The Château de Chambord is one of the most recognizable palaces in the world. It's particularly fascinating for its very distinctive architecture which blends traditional French medieval forms with classical Renaissance structures. The building, which has remained incomplete, was constructed by King Francis I of France.
Chambord is nestled in the hilly area of the Loire Valley - a region famous for its historic towns, hundreds of beautiful castles and massive wine production. Annually, thousands of people go on biking tours for days, sightseeing through the entire valley and numerous castles at a time. That's one experience I missed on for lack of time. Instead, I booked a train trip to Blois-Chambord with the idea of visiting the largest and perhaps the most famous palace in central France, the Château de Chambord.
Much like Versailles, this palace was built to serve as a hunting lodge. The original design of the building is attributed, though with some doubt, to Domenico da Cortona. Leonardo da Vinci is also believed to have been involved. The internal layout is an early example of the French and Italian style of grouping rooms into self-contained suites, a departure from the medieval style of corridor rooms. This made for quite a long and confusing visit, as all rooms are identical and built in a circle.
The massive château is composed of a central keep with 4 immense bastion towers at the corners. It features 440 rooms, 282 fireplaces, and 84 staircases. One of the architectural highlights is the spectacular open double-spiral staircase that is the centerpiece of the château - the one detail attributed to da Vinci. The two spirals ascend the 3 floors without ever meeting, illuminated from above from the highest point of the château. It is devised with 4 entries or ascents, which cross one another, so that you never meet but only see those who climb up and down through the small loopholes.
The château was never intended to provide any form of defence from enemies. Consequently the walls, towers and partial moat are decorative. Some elements of the architecture - open windows, loggia, and a vast outdoor area at the top - borrowed from the Italian Renaissance architecture - were less practical in cold and damp northern France.
The roofscape of Chambord contrasts with the masses of its masonry and has often been compared with the skyline of a town. It shows 11 kinds of towers and 3 types of chimneys, without symmetry, framed at the corners by the massive towers. The palace also boasts more than 800 sculpted columns. When Francis I commissioned the construction of Chambord, he wanted it to look like the skyline of Constantinople.
The château is surrounded by a 13,000-acre wooded park and game reserve maintained with red deer, enclosed by a wall. King Francis I spent barely 7 weeks there in total, that time consisting of short hunting visits. As the château had been constructed with the purpose of short stays, it was not practical to live in on a longer-term basis. The massive rooms, open windows and high ceilings meant heating was impractical. Similarly, as the château was not surrounded by a village or estate, there was no immediate source of food. This meant that all food had to be brought over by a group typically numbering up to 2,000 people at a time.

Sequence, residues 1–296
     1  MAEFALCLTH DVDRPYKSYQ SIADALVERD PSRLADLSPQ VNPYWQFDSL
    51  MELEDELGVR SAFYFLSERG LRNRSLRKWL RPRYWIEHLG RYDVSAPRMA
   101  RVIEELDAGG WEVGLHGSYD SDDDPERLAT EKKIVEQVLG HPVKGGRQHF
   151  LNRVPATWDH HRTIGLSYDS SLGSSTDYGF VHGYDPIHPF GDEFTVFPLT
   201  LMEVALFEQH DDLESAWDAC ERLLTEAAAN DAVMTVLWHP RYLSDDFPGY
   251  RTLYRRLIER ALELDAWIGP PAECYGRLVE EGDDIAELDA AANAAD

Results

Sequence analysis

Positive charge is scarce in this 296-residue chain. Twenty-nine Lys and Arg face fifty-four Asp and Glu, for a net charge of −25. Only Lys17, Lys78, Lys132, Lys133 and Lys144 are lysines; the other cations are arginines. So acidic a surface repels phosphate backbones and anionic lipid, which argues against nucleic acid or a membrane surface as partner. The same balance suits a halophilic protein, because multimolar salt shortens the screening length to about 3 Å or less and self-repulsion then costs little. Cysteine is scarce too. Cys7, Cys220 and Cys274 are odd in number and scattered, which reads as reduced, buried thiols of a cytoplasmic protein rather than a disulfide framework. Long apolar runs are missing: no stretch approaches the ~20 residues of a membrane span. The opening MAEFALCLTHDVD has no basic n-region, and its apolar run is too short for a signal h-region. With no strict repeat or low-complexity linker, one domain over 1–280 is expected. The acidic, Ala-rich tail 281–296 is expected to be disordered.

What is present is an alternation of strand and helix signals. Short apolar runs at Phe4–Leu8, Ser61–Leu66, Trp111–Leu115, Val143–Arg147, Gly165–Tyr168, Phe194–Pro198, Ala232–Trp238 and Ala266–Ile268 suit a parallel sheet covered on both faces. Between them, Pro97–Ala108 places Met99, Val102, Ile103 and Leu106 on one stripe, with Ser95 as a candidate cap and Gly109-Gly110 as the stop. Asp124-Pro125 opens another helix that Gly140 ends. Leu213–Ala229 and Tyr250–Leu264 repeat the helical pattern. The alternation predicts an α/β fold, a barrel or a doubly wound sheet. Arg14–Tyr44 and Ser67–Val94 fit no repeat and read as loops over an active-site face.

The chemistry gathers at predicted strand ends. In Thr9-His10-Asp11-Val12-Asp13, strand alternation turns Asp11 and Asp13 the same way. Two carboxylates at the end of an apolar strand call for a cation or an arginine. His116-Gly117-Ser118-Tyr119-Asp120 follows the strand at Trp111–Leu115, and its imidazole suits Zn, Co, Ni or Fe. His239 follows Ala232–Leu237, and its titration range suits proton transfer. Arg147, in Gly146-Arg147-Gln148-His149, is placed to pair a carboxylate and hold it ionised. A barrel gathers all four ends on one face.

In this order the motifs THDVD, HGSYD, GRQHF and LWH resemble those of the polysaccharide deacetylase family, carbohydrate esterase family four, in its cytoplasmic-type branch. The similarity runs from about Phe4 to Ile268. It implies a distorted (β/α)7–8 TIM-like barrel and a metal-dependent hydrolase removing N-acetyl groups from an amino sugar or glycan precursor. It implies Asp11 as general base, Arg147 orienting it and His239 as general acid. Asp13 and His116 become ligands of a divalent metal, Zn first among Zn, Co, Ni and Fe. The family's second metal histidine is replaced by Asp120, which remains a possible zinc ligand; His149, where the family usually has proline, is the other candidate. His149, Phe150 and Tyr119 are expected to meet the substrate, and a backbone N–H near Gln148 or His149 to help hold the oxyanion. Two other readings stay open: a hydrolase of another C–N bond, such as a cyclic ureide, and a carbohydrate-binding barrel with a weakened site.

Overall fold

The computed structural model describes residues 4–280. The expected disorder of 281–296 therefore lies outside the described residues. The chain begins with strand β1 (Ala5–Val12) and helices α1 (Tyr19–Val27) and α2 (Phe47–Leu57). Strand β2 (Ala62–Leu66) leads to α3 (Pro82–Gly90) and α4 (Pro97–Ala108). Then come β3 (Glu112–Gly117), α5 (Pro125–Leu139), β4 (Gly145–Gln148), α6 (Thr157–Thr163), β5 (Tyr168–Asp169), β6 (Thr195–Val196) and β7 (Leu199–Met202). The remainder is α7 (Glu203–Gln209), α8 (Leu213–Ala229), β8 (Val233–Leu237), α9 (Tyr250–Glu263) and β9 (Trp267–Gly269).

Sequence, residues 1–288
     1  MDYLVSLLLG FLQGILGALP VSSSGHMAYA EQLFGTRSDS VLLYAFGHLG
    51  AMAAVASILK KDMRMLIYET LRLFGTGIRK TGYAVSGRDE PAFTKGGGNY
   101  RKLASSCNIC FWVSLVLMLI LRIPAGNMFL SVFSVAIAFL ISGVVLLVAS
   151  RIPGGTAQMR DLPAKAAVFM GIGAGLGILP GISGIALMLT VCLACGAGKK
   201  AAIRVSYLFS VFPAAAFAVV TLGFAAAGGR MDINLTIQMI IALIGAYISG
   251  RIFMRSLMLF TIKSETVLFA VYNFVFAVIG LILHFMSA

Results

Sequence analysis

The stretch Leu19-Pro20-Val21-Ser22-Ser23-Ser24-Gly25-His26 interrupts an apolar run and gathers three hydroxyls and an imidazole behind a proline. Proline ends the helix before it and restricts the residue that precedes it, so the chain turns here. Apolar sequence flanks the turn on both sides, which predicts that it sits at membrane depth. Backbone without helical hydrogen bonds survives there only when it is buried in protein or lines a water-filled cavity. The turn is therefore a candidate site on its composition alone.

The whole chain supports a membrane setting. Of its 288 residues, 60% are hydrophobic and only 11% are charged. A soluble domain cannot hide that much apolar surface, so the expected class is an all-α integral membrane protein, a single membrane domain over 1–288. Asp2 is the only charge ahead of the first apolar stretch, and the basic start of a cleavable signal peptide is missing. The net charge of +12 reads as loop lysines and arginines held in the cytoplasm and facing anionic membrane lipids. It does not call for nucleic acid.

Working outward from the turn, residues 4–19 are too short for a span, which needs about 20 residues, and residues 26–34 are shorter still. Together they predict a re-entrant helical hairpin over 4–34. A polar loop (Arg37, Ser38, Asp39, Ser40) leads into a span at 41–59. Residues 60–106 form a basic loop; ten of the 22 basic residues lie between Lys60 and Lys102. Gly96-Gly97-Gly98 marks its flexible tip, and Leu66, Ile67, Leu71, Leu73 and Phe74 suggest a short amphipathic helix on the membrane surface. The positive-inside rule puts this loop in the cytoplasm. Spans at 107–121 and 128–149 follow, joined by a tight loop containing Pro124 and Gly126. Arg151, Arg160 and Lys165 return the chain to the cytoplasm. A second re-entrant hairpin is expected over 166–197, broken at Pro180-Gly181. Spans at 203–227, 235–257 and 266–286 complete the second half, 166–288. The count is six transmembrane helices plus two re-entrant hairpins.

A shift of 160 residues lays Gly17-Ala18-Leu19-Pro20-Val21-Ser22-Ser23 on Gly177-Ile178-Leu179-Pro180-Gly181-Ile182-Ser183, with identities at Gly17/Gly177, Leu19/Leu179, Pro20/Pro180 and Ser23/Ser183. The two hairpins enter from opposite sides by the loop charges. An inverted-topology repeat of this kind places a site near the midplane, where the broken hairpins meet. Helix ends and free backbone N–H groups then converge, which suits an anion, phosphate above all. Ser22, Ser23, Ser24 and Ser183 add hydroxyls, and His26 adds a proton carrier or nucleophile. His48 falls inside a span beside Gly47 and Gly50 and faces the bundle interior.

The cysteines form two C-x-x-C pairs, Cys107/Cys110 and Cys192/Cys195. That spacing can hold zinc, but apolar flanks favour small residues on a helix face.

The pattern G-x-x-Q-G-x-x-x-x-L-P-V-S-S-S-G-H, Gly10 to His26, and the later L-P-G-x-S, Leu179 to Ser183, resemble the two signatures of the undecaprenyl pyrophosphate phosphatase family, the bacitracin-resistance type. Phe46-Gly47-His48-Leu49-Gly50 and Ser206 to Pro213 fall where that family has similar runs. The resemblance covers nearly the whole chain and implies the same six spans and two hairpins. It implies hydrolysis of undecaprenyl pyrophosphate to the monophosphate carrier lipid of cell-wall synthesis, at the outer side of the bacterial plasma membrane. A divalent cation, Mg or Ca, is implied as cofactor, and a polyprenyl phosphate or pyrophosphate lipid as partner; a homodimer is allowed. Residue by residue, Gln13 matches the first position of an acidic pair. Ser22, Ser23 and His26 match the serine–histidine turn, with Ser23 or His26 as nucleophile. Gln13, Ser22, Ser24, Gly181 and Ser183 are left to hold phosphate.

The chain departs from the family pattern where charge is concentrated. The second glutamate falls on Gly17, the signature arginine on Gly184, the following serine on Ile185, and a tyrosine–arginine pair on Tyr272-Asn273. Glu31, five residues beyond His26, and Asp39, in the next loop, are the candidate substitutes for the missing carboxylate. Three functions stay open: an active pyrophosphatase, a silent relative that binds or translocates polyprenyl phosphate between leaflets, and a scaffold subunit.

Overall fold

As a result, the château was completely unfurnished during this period. All furniture, wall coverings, eating implements and so forth were brought specifically for each hunting trip. It's for this reason that much furniture from the era was built to be disassembled to facilitate transportation. For more than 80 years after the death of King Francis I, French kings abandoned the château, allowing it to fall into decay. Finally, in 1639 King Louis XIII gave it to his brother, Gaston d'Orléans, who carried out much restoration work.
King Louis XIV had the great keep restored and furnished the royal apartments. The king then added a 1,200-horse stable, enabling him to use the château as a hunting lodge and a place to entertain a few weeks each year. From 1725 to 1733, Stanislas Leszczyński, the deposed King of Poland and father-in-law of King Louis XV, lived at Chambord. In 1745, the king gave the château to Maurice de Saxe, Marshal of France who installed his military regiment there. Maurice de Saxe died in 1750 and once again the colossal château sat empty for many years.
In 1792, in the wake of the French Revolution, some of the furnishings were sold and timber removed. For a time, the building was left abandoned, though in the 19th century some attempts were made at restoration. During the Second World War, art works from the collections of the Louvre and the Château de Compiègne were moved here.
My visit to this famed landmark was accompanied by rain and I didn't get a chance to walk through the gardens. I did, however, enjoy a delicious lunch at the restaurant next to the sight’s entrance. On my way back to Blois, I hopped off the bus in Cheverny. I didn't get to see its châteaux, located right next to the bus stop, as I had to hurry back to the train station. The square across the street, though, was alive with jazz music - the reason why I got off there. I stayed awhile along with the entire town to enjoy the group of musicians who'd come from New Orleans to entertain us. I'm hoping to return on a bike in spring to this magical place!